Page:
FOR THE FIRST TIME since the fall of the Roman Empire, much of Western Europe now has a single currency.At the beginning of January the 11- nation European Monetary Union came into being and, with it, a new currency, the euro. Though Europe’s familiar national banknotes will remain in circulation for three more years, the official currency of the EMU is the euro.
The European Monetary Union is the latest step in a decades-long movement toward integration in Western Europe. Soon after the end of World War II, French leaders Jean Monnet and Robert Schuman adopted European integration as the means to embrace Germany and keep it oriented to the West. German political leaders from Konrad Adenauer to Helmut Kohl and now Gerhard Schroeder have backed the policy, and France and Germany have consistently led the European integration movement. Ironically, though the motivation on both sides of the Rhine has been political, integration has been pursued almost entirely through economic and monetary means.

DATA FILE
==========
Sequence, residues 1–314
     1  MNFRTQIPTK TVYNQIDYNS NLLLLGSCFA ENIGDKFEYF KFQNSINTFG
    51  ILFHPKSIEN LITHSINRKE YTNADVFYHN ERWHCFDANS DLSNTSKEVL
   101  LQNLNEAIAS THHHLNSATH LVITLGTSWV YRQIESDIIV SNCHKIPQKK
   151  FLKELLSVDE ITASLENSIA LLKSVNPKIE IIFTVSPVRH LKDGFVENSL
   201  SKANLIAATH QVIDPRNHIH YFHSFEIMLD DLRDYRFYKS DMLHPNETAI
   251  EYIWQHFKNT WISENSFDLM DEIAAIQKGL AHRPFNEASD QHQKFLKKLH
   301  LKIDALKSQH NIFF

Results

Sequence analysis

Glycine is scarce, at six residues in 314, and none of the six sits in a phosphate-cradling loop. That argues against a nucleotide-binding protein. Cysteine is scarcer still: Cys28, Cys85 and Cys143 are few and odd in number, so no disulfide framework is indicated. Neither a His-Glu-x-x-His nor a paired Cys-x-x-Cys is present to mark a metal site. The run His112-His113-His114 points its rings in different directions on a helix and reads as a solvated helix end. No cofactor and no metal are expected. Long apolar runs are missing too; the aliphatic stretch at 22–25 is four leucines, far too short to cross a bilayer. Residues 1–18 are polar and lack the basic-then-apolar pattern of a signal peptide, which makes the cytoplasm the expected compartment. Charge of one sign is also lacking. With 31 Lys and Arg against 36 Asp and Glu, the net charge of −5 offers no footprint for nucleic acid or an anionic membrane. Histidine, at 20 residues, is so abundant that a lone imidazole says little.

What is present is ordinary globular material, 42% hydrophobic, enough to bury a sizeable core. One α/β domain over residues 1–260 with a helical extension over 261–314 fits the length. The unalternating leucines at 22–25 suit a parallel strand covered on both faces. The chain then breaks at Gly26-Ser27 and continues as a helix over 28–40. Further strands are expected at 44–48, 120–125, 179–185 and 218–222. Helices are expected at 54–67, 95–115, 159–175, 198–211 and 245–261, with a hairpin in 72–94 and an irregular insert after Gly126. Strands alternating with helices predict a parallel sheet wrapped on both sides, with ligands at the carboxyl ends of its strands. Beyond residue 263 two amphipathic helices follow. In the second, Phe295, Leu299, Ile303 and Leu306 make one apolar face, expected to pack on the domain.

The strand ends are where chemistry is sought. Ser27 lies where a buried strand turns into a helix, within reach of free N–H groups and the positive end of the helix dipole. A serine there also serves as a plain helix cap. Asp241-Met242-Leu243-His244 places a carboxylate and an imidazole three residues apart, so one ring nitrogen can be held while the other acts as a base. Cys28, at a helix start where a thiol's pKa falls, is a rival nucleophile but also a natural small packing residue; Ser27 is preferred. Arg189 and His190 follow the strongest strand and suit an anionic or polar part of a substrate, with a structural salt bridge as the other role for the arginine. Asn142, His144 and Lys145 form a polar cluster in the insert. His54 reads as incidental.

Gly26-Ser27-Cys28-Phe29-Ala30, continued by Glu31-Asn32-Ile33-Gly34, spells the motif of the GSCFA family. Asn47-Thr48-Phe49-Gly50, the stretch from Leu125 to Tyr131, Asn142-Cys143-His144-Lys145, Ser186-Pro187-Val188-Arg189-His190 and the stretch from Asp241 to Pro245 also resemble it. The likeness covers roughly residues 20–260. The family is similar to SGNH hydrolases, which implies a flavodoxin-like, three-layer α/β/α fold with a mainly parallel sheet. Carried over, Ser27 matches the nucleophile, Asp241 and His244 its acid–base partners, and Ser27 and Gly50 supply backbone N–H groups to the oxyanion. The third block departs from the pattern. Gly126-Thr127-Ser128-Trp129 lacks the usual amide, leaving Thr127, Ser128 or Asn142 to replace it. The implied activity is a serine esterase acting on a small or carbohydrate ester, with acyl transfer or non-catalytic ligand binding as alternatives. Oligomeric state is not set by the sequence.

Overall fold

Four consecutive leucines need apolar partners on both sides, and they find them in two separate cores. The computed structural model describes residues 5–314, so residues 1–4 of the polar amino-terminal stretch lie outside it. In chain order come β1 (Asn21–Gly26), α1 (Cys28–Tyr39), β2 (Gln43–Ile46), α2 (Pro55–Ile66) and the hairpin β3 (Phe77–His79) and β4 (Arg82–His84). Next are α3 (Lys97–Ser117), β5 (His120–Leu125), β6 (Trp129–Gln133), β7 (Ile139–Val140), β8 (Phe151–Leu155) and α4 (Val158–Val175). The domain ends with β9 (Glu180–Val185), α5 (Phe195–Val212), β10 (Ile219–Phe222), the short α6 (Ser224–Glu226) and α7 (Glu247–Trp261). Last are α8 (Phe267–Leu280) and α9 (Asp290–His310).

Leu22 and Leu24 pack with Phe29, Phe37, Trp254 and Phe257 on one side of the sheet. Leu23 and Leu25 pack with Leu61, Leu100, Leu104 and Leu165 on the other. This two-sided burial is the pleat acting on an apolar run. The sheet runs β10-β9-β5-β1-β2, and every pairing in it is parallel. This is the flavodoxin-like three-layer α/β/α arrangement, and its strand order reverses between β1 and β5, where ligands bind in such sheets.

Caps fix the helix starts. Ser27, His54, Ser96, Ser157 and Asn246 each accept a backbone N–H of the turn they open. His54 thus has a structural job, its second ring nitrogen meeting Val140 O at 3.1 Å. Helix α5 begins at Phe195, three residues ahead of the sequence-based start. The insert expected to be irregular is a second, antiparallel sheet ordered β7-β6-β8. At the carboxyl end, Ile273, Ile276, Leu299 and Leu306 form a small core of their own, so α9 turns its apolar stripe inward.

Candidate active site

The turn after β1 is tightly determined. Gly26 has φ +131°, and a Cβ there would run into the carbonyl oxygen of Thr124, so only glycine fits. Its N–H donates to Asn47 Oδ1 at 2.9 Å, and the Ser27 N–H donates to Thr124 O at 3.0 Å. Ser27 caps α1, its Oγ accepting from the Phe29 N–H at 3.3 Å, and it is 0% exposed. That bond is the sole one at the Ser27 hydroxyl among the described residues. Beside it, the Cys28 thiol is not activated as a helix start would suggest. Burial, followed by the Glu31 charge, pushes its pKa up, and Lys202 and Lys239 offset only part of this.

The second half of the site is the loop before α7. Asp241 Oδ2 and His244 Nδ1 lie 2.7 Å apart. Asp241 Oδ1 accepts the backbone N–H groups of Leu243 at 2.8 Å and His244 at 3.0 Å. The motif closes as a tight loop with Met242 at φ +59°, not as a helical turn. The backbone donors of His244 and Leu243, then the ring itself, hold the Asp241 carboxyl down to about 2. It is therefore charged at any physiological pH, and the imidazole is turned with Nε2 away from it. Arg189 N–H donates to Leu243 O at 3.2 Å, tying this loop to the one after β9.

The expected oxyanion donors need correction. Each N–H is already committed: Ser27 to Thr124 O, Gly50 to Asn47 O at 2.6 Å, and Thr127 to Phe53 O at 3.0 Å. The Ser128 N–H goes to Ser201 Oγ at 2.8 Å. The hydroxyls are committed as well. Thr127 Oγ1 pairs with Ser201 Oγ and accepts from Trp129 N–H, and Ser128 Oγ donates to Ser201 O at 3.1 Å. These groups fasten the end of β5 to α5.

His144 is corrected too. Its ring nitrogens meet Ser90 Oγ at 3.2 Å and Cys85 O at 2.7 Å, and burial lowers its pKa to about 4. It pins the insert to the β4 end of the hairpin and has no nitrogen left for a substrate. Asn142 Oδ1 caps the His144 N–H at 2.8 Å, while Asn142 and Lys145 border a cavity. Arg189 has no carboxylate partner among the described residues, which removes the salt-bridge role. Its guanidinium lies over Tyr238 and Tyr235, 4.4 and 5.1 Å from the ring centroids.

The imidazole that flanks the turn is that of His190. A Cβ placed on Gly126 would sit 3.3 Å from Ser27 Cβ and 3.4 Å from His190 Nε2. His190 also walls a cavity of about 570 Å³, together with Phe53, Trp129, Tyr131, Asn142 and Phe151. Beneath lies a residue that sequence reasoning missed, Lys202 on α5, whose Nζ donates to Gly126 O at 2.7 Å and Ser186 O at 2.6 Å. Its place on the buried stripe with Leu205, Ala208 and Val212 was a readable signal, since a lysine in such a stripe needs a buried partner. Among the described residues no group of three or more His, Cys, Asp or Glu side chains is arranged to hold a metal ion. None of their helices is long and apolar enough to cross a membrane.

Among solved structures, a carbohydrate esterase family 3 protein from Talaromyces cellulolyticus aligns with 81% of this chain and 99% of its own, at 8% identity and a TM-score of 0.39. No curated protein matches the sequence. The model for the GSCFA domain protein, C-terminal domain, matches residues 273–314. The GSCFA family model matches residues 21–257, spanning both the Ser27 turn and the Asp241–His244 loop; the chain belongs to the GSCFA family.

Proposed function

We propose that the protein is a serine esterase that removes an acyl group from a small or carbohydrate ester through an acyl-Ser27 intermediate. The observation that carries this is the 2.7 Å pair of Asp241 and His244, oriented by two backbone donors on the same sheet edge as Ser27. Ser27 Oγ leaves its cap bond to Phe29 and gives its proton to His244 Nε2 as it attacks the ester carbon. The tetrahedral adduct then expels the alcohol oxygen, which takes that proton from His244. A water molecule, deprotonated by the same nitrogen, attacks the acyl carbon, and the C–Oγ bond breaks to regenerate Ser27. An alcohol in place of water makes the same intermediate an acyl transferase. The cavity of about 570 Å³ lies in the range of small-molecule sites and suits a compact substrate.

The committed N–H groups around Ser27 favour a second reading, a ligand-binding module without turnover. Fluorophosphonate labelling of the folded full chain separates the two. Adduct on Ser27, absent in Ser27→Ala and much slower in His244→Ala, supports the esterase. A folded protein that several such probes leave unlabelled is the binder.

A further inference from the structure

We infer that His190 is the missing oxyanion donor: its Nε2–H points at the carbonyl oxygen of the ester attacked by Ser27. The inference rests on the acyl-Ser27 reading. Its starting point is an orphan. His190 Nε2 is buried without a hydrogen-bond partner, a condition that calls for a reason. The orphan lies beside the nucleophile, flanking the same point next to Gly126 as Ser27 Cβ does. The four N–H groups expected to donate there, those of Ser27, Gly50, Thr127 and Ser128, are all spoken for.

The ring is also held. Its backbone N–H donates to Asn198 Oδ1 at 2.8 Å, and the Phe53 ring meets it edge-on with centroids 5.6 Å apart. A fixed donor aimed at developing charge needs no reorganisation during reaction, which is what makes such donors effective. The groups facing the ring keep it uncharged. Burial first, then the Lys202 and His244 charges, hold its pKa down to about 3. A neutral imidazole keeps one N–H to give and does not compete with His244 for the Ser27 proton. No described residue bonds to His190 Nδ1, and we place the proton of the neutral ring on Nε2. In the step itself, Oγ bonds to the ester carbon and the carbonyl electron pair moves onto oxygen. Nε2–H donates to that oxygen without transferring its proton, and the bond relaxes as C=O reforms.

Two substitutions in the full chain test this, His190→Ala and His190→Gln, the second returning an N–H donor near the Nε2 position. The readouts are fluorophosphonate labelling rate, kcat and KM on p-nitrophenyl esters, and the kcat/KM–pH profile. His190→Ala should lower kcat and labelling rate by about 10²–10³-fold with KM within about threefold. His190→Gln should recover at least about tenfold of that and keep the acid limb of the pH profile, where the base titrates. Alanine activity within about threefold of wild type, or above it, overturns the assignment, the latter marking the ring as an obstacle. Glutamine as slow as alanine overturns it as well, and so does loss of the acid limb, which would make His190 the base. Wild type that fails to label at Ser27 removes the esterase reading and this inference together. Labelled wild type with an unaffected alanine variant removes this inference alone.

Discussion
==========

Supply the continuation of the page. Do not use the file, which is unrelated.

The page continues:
For the first time, a major economy is saying: We will be better off doing things by ourselves, and making our own decisions. And that's a bit of a shock to the system.